I wrote these words a while ago. I hope they may help you meet the challenges of dating with a brain injury with some mindful self-compassion. 

Nearly three years after my ex ended our long marriage, I began online dating. If the connection progresses, there’s the inevitable moment when it’s time to tell my date about Mindful Concussion and about my brain injury. It’s not a sexy topic to raise. I’m privileged in that my symptoms don’t necessarily show up on a first date if I avoid loud locations, but still, it’s a difficult subject to broach. 

Dating is hard enough without the added burden of wondering what might happen if I met someone and we really hit it off, and then they pulled away because I need quiet. Because I can’t handle music on all the time. Or bright lights. Or too much stress. Or being too busy. These fears lead to a bigger fear of being single FOREVER. 

Luckily, my mindfulness practice has helped me navigate the rough waters of dating. It helps me work with the feeling of aloneness when it hits. I put my hand on my heart and notice that this is a moment of suffering. I remind myself that although it’s painful it’s not life-threatening. I unclench my muscles. I unclench my heart. I remind myself that I’m not alone in this aloneness. There are literally millions upon millions of people feeling this way right this very moment. There are untold numbers of brain injury survivors who, like me, are afraid to put themselves out there. One day I was finally brave enough to give it a go. My desire for connection outshone my fear of rejection….  

Today as I write, my mind keeps wandering to a boy. It’s such a hard move to resist the urge to check my phone. The dopamine hit of that Red Dot of a notification is oh-so- alluring. Yesterday a sweet meditator ‘liked’ me on a dating app. We went back and forth, back and forth, texting in fun, flirty, deeply connecting ways. He said, “I invite you for a beverage later this week.” Now it’s been nearly 24 hours since he wrote those words. Is he ghosting me – on Halloween? Oh, the cruel irony! It’s SO PAINFUL to feel the sweetness of human connection, and then to feel it fly away so quickly.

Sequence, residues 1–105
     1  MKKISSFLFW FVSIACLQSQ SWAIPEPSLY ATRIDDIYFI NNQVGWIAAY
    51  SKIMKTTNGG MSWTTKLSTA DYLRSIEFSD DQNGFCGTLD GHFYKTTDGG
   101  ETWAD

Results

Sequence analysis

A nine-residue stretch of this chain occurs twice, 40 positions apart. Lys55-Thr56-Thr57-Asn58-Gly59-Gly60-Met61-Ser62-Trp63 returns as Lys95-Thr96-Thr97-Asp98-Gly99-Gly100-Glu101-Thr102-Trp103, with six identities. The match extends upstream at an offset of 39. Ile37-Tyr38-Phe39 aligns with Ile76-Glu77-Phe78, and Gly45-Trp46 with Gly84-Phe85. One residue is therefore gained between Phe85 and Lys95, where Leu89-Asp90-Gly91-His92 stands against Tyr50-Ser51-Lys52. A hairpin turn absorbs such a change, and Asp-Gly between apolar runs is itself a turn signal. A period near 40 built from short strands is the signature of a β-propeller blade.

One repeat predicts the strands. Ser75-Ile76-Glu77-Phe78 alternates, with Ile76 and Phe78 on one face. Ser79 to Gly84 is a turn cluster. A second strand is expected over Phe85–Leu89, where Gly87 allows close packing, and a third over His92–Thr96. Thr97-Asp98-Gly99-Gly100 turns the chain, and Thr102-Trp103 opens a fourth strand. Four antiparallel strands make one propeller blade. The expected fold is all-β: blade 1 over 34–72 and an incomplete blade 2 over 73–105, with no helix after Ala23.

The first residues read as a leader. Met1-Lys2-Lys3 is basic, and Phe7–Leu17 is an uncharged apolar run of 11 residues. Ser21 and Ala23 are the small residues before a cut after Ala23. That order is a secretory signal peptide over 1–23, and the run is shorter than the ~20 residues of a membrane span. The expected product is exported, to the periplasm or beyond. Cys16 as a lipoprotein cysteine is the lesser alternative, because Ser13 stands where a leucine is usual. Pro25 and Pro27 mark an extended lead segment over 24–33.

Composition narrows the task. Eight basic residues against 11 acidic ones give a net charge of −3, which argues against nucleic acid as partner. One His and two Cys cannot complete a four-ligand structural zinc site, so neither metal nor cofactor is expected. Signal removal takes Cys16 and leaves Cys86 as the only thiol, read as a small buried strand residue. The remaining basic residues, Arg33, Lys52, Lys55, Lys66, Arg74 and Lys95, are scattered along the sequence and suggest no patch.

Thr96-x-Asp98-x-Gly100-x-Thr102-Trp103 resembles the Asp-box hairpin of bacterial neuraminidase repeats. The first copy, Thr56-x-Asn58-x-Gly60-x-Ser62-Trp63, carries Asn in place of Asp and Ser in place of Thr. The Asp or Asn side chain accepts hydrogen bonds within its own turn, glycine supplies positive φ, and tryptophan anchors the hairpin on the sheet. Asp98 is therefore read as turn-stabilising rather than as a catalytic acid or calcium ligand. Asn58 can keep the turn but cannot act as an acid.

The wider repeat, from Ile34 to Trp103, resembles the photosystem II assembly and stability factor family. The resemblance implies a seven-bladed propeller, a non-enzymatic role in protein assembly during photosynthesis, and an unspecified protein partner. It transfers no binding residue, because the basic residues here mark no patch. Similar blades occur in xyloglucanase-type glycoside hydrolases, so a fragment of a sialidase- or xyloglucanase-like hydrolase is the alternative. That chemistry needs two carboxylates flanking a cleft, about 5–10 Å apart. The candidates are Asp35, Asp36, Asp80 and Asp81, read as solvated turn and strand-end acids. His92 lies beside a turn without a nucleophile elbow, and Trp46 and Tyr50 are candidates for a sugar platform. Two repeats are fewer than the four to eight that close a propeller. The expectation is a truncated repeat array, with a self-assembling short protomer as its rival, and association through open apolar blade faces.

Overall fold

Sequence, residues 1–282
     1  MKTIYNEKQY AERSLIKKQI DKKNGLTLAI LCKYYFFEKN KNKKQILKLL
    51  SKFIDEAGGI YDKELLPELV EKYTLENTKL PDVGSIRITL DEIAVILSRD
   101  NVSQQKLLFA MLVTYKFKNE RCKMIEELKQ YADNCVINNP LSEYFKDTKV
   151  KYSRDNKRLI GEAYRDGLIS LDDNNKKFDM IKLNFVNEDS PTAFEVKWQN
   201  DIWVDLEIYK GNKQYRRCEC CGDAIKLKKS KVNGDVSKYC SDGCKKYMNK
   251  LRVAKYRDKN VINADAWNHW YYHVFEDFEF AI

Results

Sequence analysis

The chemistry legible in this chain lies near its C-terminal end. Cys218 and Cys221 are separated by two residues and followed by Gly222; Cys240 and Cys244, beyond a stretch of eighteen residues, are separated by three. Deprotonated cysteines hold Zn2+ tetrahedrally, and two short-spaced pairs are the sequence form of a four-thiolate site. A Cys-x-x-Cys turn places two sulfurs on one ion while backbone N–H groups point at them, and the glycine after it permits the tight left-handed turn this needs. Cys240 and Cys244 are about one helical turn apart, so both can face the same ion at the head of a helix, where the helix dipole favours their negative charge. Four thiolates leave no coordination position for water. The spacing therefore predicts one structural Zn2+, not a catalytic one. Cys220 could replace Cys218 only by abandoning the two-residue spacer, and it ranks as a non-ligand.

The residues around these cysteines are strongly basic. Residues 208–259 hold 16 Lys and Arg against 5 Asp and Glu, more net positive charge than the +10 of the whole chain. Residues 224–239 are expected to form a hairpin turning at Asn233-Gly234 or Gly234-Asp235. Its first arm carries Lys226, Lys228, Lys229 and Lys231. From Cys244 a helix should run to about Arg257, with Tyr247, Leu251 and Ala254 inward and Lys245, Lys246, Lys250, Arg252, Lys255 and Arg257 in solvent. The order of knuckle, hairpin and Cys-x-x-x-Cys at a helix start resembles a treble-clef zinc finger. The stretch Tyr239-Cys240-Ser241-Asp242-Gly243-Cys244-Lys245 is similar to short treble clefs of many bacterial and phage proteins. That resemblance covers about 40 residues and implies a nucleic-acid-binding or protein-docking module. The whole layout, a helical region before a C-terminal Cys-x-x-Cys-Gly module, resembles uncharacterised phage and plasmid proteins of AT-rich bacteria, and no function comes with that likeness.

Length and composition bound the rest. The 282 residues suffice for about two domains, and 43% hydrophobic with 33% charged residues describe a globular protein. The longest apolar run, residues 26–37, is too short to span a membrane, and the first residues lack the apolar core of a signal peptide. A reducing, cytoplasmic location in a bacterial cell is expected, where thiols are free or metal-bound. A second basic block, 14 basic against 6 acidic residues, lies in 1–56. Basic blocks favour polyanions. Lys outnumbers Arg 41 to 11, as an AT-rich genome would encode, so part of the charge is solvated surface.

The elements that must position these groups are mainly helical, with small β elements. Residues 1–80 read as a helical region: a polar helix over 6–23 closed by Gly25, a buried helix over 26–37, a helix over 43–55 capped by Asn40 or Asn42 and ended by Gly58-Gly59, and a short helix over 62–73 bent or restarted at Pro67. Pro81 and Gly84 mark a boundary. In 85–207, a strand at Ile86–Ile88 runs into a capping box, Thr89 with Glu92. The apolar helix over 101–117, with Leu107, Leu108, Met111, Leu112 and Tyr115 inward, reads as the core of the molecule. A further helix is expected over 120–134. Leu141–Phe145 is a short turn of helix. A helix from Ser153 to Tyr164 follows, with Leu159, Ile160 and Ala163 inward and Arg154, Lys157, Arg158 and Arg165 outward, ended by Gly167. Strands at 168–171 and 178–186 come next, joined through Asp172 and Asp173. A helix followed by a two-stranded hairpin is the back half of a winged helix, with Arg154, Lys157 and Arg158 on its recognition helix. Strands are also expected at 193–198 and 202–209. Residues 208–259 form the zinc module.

How can I mindfully meet this grossness? I remind myself: self, this is a moment of suffering. It’s natural and normal to feel the sting of rejection. Online dating can turn on a dime like that, from seemingly going swimmingly well, to a poof of dust in the face. So many millions around the world understand the pain of online ghosting, with no explanation, no word of farewell. 

Did I say something wrong? No, it’s not that. I remind myself that it’s always about the right fit, and if I am not feeling like the right fit for him, then so be it. I feel myself getting pissed off at him (and all men who bait and switch in this way). But truthfully, have I always moved on from those who didn’t feel like the right fit to me, in the most kind of ways?

I feel myself bracing against this pain. I don’t want to feel it. I can’t think straight. I’m in some crazy combo of fight, flight, and freeze. I feel hurt (my heart is constricted) and confused (my brain can’t figure out why he would invite me for drinks one moment and disappear the next). 

I can’t control the impulse to keep going to my phone, foolishly hoping for a text from him. My survival brain’s desire for connection is stronger than my thinking brain’s knowledge that this is not a good idea. I feel hope surge in the second before I see that there really is no bloody message from him. The creep, what’s his problem?

I finally stop. I notice that I’m using up an awful lot of energy trying not to feel this pain. I notice the clenching against it, physically and emotionally. I let go. I loosen my muscles in the face of it. The pain surges. Oh, it’s so scary! But then I notice that as I allow the pain to be there, to feel it rather than fight it, it dissipates a bit. It loses the intensity of its grip.

My friend just wrote to me to say, ‘hang in there Jessie.’ And now the tears fall. The acuteness of this pain will pass, I know. Soon he’ll become one more funny/painful dating story. The strong feelings ebb and flow, but the overall pain of being on my own remains. The fear of how hard it may be to find someone who adores the fullness of me, TBI and all, remains. It grips my very soul….

I remind myself that I will find love again. Instead of reaching for my phone and hoping for a message on a dating app, I can choose to move my attention to the beautiful realm of Universal Love that is always available to me All Day Long. I can tap in and soak it into my cells. I can let go of the longing to receive love, and instead I can give love. Way out into the world. I can give love and compassion to fellow survivors who feel like me right now. This hurts, but I am not alone. Nor are you. 

***PS: After 6 months of rather frantic dating, I met a beautiful, understanding man. My symptoms do show up in our relationship, but when I asked if he’s bothered by the restrictions they bring to our life, he said something like this: “Those are not problems. Being mean. Being unkind. Those are problems. You, on the other hand, are the kindest person I have ever met.”